Do Your Originators Sell Supply or Create Demand?

When I ask executives about the role of the loan officer, many answer that the originator’s job is to take the loan application and match the customer with the right product that the consumer qualifies for. There is no question that this is an important function but in my view, originators must do more to create sustainable success.

When originators perform a product selection role, selling activities are geared to simply responding to someone who has raised their hand and said they need a mortgage. Under this scenario, the consumer has already decided to buy a house or refinance and it boils down to whether they can pay cash, need to finance the purchase or just get a lower interest rate. The problem is that those who have made the decision to purchase a house are a very small part of the market at any given time. The real opportunity in housing finance is the larger market of potential customers who could purchase a home but have not for a variety of reasons. This is where a good salesperson can make a world of difference by creating demand for both housing and housing finance.

The consumers who haven’t thought about buying a house are a potential goldmine for the mortgage origination industry. Obviously, these consumers need to be sold and only a good sales professional can make this happen. The best producers are able to convince potential buyers of the value of owning a home and that financing is the best strategy.

So the question today isn’t if the originator can use social media or a company’s CRM, it is more about whether the salesperson can present a value proposition that resonates with consumers who haven’t thought about whether they qualify for a house. These originators are individuals with the sales talent to create demand. For others, creating demand is a challenge that they are not able to deliver. Similar to the college-level athlete who never makes it into the NFL, not every producer can sell at the highest professional level.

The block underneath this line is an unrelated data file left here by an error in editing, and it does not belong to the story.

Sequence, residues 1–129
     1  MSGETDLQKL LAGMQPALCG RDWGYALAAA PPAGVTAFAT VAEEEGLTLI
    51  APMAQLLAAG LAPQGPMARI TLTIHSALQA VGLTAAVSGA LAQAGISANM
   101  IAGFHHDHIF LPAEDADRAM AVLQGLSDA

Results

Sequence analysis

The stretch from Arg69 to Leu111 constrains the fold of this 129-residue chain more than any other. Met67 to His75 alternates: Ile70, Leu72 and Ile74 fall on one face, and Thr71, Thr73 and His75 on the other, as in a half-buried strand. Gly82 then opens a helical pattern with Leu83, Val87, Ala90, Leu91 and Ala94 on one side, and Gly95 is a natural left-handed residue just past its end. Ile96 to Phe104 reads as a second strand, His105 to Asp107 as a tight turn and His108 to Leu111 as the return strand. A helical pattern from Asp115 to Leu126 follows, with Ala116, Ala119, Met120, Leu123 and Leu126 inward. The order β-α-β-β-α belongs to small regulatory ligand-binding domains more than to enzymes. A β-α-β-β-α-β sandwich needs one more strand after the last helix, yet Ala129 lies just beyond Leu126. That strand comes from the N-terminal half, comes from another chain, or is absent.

Underperformers simply wait for the customer to appear which is why they may be successful during refinance markets. These producers are good at knowing their products and how the sales process works. Customers may like them and give them satisfactory customer service ratings. But tapping into the larger market and transforming a renter into a home-buyer requires producers to reach out earlier in the purchasing sequence. That requires selling skills.

In mortgage banking, an estimated 60% of originators are categorized as underperformers. These originators need to be fed leads from a bank’s portfolio or through lead generators. Unfortunately, these producers are classic “order-takers” who are paid as if they create demand instead of being compensated as customer service reps which is what they really are.

Tibor Shanto, a business sales expert calls these order-takers “Supply Side” sellers. These producers gear selling activities to fulfilling supply. Shanto further explains that “these people are about resolving pain (e.g. someone who has purchased a home already and needs to lower rates) and they have the solution.” In other words, there is already inherent demand. But when it comes to the larger market where there is no demand and they have to create it, they are at a loss.

According to Shanto, successful sales professionals use a business model that operates on “Demand Side.” This selling approach involves presenting a powerful value proposition that helps the customer (whether a potential home-buyer or referral source) move from being unaware to awareness. Generating demand is a winning strategy for long-term success.

Are your originators creating demand? If not, what are you doing to address the problem?